Currently Available Theses Topics

We offer these current topics directly for Bachelor and Master students at TU Darmstadt who can feel free to DIRECTLY contact the thesis advisor if you are interested in one of these topics. Excellent external students from another university may be accepted but are required to first email Jan Peters before contacting any other lab member for a thesis topic. Note that we cannot provide funding for any of these theses projects.

We highly recommend that you do either our robotics and machine learning lectures (Robot Learning, Statistical Machine Learning) or our colleagues (Grundlagen der Robotik, Probabilistic Graphical Models and/or Deep Learning). Even more important to us is that you take both Robot Learning: Integrated Project, Part 1 (Literature Review and Simulation Studies) and Part 2 (Evaluation and Submission to a Conference) before doing a thesis with us.

In addition, we are usually happy to devise new topics on request to suit the abilities of excellent students. Please DIRECTLY contact the thesis advisor if you are interested in one of these topics. When you contact the advisor, it would be nice if you could mention (1) WHY you are interested in the topic (dreams, parts of the problem, etc), and (2) WHAT makes you special for the projects (e.g., class work, project experience, special programming or math skills, prior work, etc.). Supplementary materials (CV, grades, etc) are highly appreciated. Of course, such materials are not mandatory but they help the advisor to see whether the topic is too easy, just about right or too hard for you.

Only contact *ONE* potential advisor at the same time! If you contact a second one without first concluding discussions with the first advisor (i.e., decide for or against the thesis with her or him), we may not consider you at all. Only if you are super excited for at most two topics send an email to both supervisors, so that the supervisors are aware of the additional interest.

FOR FB16+FB18 STUDENTS: Students from other depts at TU Darmstadt (e.g., ME, EE, IST), you need an additional formal supervisor who officially issues the topic. Please do not try to arrange your home dept advisor by yourself but let the supervising IAS member get in touch with that person instead. Multiple professors from other depts have complained that they were asked to co-supervise before getting contacted by our advising lab member.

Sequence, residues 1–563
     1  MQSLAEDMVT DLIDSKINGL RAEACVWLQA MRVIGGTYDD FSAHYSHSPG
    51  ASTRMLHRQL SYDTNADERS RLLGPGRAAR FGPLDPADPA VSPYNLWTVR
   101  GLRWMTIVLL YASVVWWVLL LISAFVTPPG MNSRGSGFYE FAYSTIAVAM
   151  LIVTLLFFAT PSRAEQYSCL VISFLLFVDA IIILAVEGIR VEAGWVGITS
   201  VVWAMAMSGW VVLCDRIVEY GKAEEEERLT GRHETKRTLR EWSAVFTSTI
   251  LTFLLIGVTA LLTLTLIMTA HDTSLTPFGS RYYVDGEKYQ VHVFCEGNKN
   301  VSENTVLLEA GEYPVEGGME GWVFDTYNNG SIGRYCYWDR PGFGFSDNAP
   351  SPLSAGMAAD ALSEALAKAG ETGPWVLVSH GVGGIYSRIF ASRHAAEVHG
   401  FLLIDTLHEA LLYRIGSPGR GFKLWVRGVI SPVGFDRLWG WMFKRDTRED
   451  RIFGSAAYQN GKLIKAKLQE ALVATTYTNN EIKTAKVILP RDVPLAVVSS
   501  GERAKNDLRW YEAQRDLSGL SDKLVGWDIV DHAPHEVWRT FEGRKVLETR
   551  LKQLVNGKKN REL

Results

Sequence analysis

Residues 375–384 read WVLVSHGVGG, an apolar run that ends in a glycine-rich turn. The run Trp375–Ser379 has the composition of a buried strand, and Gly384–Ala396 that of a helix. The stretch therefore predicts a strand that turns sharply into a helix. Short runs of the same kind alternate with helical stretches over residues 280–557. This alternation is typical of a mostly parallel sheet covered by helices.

NEW THESES START HERE

Data-Driven Bimanual Robotic Grasping

Scope: Bachelor/Master thesis
Advisor: Vignesh Prasad and Alap Kshirsagar
Added: 2024-04-25
Start: ASAP
Topic: Topic:

Grasping is one of the most fundamental and challenging tasks in the robotic manipulation of objects. Most of the prior work on robotic grasping has focused on grasping with a single gripper and several large-scale datasets have been developed in recent years to tackle the problem of single-arm grasping in 3D by utilizing deep-learning techniques [1,2]. But many tasks in industrial and domestic environments require bimanual grasps. Bimanual grasps are required for manipulation of large, deformable or fragile objects. This project seeks to develop a data-driven technique for bimanual robotic grasp generation from visual input. We will utilize a large-scale dataset of simulated bimanual grasps [3] to train a bimanual grasp pose generation model. The method will be evaluated in simulation as well as on a real robot.

Requirements

  • Strong Python programming skills
  • Knowledge in Machine Learning / Supervised Learning
  • Experience with deep learning libraries is a plus

Interested students can apply by sending an e-mail to alap.kshirsagar@ias.tu-darmstadt.de and attaching the documents mentioned below:

  • Curriculum Vitae
  • Motivation letter explaining why you would like to work on this topic and why you are the perfect candidate

References
[1] C. Eppner, A. Mousavian, and D. Fox, “ACRONYM: A Large-Scale Grasp Dataset Based on Simulation,” in Proceedings - IEEE International Conference on Robotics and Automation, 2021, vol. 2021-May, pp. 6222–6227, doi: 10.1109/ICRA48506.2021.9560844.
[2] A. Mousavian, C. Eppner, and Di. Fox, “6-DOF GraspNet: Variational grasp generation for object manipulation,” in Proceedings of the IEEE International Conference on Computer Vision, 2019, vol. 2019-Octob, pp. 2901–2910, doi: 10.1109/ICCV.2019.00299.
[3] G. Zhai et al., “{DA2} Dataset: Toward Dexterity-Aware Dual-Arm Grasping,” IEEE Robot. Autom. Lett., vol. 7, no. 4, pp. 8941–8948, 2022.

Imitation Learning for High-Speed Robot Air Hockey

Scope: Master thesis
Advisor: Puze Liu and Julen Urain De Jesus
Start: ASAP
Topic: